Thousands of white rats used in medical experiments every year could be spared thanks to a new imaging system which is able to view their tiny organs without killing them.
Li Pai-chi (李百祺), a professor in the Electronic Engineering Department at National Taiwan University who led the team which developed the device, said on Wednesday that the Ultrasonic Micro-imaging system has a resolution of 50 microns and is able to penetrate up to 2cm.
This offers 10 times more clarity and a thousand times more sensitivity than the existing system used to examine human bodies.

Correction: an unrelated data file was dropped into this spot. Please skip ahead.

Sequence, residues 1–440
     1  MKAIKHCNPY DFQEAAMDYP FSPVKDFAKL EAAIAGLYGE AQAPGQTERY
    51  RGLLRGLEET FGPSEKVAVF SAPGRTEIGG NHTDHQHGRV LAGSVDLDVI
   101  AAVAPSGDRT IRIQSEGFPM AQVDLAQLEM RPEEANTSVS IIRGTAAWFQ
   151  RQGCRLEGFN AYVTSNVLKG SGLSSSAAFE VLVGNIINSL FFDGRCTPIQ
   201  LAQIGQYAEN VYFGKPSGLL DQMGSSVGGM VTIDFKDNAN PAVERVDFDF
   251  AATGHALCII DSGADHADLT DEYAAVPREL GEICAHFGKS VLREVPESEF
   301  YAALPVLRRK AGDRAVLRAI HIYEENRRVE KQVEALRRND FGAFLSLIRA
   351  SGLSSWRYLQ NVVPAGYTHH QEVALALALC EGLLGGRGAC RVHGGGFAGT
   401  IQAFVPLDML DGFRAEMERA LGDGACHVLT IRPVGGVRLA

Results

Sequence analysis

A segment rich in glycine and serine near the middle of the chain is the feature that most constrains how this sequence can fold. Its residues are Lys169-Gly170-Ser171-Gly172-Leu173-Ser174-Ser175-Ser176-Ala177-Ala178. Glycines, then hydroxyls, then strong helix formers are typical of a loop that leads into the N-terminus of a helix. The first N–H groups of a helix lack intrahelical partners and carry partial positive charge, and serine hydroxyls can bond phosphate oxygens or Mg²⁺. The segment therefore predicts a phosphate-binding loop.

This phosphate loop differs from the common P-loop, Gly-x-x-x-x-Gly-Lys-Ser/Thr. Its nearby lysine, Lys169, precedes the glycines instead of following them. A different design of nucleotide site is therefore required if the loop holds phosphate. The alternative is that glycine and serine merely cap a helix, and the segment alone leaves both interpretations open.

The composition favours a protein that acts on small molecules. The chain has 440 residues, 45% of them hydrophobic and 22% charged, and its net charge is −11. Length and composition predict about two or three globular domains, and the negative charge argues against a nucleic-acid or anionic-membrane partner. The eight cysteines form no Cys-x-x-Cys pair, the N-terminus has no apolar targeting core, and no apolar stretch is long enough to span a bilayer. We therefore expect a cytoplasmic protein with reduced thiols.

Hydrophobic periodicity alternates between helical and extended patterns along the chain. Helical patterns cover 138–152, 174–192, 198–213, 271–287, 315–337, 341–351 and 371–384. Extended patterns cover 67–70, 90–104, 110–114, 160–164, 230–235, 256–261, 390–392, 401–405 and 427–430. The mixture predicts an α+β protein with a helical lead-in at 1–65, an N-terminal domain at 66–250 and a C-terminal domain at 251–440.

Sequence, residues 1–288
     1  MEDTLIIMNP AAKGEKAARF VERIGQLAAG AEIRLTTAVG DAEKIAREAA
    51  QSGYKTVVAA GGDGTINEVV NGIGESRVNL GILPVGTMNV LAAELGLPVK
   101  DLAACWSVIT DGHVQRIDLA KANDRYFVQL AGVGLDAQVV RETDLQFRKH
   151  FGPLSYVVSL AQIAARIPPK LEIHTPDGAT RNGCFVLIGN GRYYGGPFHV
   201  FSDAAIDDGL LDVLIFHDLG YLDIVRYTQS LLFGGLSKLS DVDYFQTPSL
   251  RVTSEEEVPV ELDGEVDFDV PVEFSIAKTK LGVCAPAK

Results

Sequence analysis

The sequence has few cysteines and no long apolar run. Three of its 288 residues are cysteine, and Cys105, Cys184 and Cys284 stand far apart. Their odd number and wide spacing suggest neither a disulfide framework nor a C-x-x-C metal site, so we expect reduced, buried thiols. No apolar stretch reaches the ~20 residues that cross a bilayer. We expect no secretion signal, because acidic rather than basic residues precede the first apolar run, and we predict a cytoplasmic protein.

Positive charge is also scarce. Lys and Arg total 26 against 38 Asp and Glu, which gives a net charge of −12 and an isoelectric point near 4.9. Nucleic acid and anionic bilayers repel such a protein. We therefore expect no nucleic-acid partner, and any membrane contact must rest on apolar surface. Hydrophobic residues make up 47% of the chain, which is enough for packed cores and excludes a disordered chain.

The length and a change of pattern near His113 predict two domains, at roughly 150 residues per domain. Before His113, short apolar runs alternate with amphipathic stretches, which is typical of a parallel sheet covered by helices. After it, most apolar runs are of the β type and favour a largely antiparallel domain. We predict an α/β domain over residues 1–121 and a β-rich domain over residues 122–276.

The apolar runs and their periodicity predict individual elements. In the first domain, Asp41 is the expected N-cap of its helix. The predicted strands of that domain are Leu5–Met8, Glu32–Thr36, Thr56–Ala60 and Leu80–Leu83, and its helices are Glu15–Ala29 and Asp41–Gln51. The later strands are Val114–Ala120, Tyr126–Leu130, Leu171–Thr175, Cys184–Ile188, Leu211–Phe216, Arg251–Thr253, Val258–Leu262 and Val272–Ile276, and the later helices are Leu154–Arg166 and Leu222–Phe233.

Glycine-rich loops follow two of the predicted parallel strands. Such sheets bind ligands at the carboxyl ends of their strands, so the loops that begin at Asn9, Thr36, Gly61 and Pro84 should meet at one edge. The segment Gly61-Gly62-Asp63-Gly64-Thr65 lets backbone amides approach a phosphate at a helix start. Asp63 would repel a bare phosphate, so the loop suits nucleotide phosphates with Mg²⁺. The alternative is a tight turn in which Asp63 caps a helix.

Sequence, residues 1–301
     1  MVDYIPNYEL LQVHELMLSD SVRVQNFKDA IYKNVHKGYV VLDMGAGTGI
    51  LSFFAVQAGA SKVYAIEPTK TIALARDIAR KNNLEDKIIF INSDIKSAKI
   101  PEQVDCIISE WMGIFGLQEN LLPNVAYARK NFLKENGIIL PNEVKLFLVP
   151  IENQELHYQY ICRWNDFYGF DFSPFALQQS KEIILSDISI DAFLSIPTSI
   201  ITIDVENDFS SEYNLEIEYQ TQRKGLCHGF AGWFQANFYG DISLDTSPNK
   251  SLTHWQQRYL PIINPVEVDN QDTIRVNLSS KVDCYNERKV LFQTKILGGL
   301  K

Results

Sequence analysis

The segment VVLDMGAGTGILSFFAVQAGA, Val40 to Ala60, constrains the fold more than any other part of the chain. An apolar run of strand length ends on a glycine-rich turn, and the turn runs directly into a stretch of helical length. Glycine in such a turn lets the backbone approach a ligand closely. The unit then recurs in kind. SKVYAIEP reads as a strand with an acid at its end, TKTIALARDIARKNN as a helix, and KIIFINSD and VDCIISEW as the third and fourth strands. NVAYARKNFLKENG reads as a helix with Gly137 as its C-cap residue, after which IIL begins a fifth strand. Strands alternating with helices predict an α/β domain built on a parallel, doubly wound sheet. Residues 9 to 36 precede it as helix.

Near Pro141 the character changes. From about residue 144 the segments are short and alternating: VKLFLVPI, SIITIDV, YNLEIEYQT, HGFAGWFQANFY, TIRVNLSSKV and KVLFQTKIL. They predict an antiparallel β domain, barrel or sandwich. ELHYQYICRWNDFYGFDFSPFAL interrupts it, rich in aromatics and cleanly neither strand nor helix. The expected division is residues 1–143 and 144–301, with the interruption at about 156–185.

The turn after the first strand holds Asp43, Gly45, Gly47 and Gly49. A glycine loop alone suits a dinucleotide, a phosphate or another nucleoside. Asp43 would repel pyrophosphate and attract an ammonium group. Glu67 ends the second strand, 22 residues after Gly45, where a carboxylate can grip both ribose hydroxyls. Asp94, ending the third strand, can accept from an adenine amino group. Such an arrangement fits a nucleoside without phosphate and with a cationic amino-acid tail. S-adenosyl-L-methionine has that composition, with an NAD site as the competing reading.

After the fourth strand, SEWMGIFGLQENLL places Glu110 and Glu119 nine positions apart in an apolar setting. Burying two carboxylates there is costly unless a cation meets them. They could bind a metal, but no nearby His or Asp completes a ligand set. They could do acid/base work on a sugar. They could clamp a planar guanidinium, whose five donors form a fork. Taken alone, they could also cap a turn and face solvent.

Explaining the device's benefits, Li said that if an experiment required 100 white rats, with 10 of them killed weekly to observe the growth of tumors, the new system would save on the cost and trouble of conducting autopsies on these animals.
By creating ultrasonic images of the animals every week, the number of rats needed for the experiment could be cut to only 10.
The system can monitor their hearts and even the development of capillaries on their tumors.
These are invisible to existing ultrasonic imaging systems because the white rats are about one thousandth the size of a human, Li said.
Using the new device, Li and his team will be able to devote themselves to developing the contrast agents needed when viewing the imaging of different tumors.